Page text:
High Dose Melatonin May Enhance Sleep Quality
Researchers at Brigham and Women’s Hospital have studied the impact of melatonin supplements on the amount of quality sleep in older adults.
“Sleep deficiency becomes more common as people age, and, given the drawbacks to many prescription sleep aids, many older adults report taking melatonin,” says research leader Charles Czeisler in a press release issued by Brigham and Women’s Hospital.
“But we’ve had little evidence on the effects of melatonin on the sleep health of older adults. Our study provides new evidence and insight, and points to the importance of considering dosage and timing when it comes to the effects of supplements like melatonin, especially in older people.”
A paper is published in The Journal of Pineal Research. It reports on the results of a month‐long study with 24 healthy participants older than 55 (13 women, 11 men). The study did not include participants who had a significant sleep disorder.
The participants were randomly assigned to receive two weeks of a placebo pill and two weeks of either a low (0.3 mg) or high (5 mg) dose of melatonin 30 minutes before bedtime. When the participants were sleeping, the researchers recorded brain waves, eye movement, muscle tone, and other measures of sleep time and quality. In particular, the researchers focused on sleep efficiency, which is how long a person actually sleeps while in bed.
An interesting feature of the study is that the participants were put on a 20 hour day-night cycle instead of the normal 24 hour cycle. This allowed the researchers to schedule bedtime periods both at day and night.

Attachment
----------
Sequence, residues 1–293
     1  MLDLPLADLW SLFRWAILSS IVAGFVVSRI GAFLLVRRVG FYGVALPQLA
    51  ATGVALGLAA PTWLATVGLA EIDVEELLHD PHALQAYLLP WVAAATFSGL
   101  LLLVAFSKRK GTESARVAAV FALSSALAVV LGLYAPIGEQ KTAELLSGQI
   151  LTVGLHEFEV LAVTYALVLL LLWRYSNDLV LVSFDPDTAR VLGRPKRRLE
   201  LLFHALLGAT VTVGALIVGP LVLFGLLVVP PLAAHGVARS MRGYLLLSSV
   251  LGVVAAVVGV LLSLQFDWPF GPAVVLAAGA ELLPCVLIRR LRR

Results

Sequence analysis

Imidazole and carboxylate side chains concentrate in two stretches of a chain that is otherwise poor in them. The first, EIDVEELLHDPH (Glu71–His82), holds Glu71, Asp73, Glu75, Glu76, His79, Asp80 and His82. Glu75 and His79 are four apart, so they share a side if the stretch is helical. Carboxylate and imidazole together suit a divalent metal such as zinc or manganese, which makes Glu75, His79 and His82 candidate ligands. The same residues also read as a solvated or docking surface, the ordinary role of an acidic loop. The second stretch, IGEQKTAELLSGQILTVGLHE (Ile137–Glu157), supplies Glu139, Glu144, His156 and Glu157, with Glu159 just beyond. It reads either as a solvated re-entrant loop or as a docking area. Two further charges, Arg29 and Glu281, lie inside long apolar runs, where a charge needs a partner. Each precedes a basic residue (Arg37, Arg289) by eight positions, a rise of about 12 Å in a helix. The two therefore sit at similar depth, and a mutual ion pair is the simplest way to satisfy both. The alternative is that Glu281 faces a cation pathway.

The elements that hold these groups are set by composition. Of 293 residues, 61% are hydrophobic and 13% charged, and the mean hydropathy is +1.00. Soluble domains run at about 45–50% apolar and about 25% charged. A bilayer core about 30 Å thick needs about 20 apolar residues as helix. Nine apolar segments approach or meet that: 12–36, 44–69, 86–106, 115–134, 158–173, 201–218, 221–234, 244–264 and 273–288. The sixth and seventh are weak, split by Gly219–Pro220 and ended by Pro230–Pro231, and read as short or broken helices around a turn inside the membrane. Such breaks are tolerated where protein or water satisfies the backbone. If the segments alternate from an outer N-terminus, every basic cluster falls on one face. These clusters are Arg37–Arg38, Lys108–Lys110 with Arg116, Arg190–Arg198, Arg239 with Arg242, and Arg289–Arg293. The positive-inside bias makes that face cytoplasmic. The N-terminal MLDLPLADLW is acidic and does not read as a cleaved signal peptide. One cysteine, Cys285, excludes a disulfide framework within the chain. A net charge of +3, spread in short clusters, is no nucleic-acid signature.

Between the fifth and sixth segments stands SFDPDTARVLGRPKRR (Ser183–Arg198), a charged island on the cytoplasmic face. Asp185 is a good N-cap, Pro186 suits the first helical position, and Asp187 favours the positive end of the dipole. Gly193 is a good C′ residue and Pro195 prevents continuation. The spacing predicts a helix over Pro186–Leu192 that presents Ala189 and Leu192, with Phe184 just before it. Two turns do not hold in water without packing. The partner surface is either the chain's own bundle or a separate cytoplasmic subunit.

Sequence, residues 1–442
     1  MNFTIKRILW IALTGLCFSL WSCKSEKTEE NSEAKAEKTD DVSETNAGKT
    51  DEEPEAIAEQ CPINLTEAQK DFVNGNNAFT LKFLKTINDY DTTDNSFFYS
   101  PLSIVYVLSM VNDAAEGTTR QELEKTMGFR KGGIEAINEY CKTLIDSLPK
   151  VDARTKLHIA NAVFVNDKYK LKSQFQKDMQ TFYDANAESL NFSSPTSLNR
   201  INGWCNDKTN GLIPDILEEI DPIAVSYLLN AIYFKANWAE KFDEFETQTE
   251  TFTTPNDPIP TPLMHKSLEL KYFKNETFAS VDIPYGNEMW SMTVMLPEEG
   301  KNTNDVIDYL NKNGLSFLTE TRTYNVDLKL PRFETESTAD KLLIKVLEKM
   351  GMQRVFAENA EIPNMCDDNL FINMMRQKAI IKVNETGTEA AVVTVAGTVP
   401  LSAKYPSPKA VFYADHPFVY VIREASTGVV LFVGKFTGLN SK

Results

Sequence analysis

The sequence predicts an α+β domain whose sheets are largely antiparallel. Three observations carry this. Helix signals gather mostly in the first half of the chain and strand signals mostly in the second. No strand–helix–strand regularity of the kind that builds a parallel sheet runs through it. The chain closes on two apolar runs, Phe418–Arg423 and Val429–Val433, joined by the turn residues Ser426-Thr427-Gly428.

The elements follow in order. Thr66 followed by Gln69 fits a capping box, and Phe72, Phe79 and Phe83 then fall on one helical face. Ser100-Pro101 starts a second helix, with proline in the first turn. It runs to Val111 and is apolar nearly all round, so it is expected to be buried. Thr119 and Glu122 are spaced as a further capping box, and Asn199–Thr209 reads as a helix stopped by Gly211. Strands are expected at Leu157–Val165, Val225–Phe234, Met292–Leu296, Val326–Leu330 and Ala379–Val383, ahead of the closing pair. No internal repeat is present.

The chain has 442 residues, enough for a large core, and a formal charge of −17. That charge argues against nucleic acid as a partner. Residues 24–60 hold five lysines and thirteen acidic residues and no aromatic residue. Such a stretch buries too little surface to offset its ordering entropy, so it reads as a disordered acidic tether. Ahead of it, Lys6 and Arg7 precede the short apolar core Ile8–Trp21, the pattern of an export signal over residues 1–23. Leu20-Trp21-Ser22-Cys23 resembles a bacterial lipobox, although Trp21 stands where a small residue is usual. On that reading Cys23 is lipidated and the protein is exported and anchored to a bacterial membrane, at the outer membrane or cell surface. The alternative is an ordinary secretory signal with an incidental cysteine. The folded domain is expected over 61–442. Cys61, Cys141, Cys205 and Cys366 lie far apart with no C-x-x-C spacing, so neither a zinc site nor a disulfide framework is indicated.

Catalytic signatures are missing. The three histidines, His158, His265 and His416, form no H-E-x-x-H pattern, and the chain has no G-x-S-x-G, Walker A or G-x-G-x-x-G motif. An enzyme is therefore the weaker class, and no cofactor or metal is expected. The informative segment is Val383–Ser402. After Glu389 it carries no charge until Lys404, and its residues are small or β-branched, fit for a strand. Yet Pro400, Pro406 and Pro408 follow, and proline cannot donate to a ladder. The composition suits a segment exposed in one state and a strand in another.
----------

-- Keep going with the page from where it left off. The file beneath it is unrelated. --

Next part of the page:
The researchers found that the low 0.3 mg dose of melatonin had measurable effects only when sleep was scheduled during the biological day. But it did not lead to a statistically significant change in overall sleep time.
On the other hand, the participants taking the high 5 mg dose of melatonin had a significant increase in total sleep time and sleep efficiency, regardless of whether sleep was scheduled during the day or night. Compared to the placebo, the high dose of melatonin increased total sleep time by more than 15 minutes for nighttime sleep and by half an hour for daytime sleep.
“Melatonin should be further explored as a sleep aid for older adults,” concludes the paper. “It’s exciting to see evidence that melatonin may have an impact on sleep at night for older adults because we know that so many older people have trouble sleeping,” says researcher Jeanne Duffy.
In fact, aging is associated with changes in sleep. And improving sleep may have important consequences for the health, cognition, and quality of life of older adults.
Duffy recommends getting medical advice first. “[Before] taking a dietary supplement, it’s important for people to talk to their primary care physician and get a referral to a sleep specialist to rule out an undiagnosed sleep disorder,” he concludes. Because this study did not include people with known sleep disorders, the conclusions don’t necessarily apply to those.
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